Bakshi's idea of wit [in "Fritz the Cat"] is to resurrect an 8-year-old Terry Southernism like "prevert," have Fritz "kill a john" by shooting at a toilet, resolve the Israeli situation by having the Zionists "return the cities of New York and Los Angeles to the United States" and paraphrase an old Elaine May-Mike Nichols routine with a bossy lady making "a big bourgeois deal out of everything."
As for the film's animation, it is a long way from what "Yellow Submarine" had let us to anticipate in future cartooning. Some of the backgrounds have a pleasing graphic quality—perhaps because they were watercolored adaptations of photographs of New York and thus relied very little on Bakshi's "imagination"—but his constant zooming and tilting hardly augments the attractiveness of these images. And when real invention is required for a sequence depicting the post-explosion apocalypse, Bakshi feebly resorts to a sepia-toned live-action shot of a desert gale.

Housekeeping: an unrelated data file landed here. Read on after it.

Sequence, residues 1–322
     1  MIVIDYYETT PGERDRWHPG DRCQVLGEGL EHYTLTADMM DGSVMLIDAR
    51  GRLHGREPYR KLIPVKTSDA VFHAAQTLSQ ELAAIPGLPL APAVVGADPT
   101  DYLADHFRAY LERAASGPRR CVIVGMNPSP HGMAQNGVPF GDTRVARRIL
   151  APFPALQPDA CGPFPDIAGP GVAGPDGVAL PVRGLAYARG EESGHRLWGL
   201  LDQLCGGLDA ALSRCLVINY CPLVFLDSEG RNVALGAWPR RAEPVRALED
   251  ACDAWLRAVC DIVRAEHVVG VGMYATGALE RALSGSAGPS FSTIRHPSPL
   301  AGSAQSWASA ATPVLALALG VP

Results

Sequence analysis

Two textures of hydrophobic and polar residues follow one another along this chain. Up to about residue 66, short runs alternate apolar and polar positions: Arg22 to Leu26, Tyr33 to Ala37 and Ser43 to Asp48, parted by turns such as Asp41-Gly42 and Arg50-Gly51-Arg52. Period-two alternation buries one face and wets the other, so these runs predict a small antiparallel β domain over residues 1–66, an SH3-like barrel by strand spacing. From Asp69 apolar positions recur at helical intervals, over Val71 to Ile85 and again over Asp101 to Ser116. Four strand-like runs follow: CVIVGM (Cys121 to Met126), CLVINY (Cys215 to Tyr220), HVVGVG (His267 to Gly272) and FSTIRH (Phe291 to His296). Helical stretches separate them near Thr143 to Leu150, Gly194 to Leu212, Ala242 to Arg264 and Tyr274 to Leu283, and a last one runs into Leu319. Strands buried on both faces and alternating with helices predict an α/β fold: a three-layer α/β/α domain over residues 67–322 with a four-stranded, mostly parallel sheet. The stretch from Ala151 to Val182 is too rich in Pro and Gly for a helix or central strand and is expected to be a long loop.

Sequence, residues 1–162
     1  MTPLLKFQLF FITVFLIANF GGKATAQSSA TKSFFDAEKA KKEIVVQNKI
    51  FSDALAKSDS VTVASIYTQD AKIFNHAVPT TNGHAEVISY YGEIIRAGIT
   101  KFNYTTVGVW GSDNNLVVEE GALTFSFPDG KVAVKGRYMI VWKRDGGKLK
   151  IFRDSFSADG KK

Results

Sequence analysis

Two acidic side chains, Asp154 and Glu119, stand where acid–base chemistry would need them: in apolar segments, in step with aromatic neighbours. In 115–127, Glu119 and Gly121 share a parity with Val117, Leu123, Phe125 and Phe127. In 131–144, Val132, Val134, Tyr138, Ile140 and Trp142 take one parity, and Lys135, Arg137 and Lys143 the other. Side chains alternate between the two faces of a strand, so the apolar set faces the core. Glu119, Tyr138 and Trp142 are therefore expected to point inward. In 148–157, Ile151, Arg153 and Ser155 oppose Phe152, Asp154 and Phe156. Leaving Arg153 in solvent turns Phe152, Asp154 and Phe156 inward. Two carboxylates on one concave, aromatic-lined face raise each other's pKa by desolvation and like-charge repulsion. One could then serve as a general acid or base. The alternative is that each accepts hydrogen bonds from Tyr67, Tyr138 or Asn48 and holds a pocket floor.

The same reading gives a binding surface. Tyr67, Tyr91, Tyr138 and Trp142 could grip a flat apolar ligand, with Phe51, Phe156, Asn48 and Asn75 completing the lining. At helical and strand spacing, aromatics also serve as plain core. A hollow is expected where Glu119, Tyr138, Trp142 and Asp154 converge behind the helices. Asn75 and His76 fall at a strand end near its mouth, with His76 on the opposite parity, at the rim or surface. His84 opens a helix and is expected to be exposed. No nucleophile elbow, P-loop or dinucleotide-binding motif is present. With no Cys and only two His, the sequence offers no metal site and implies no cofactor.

In juxtaposition to the stylized reality of these backgrounds, the foreground figures are as cutely sentimentalized as in any Saturday morning TV cartoon—hardly surprising in that Bakshi apprenticed in just this kind of hack work. By marrying pretension with bad habits, Bakshi has made his film look like Heckle and Jeckle on a mescalin trip.
Still, "Fritz the Cat" is "only" a movie, and its intellectual, moral and esthetic bankruptcy would normally...
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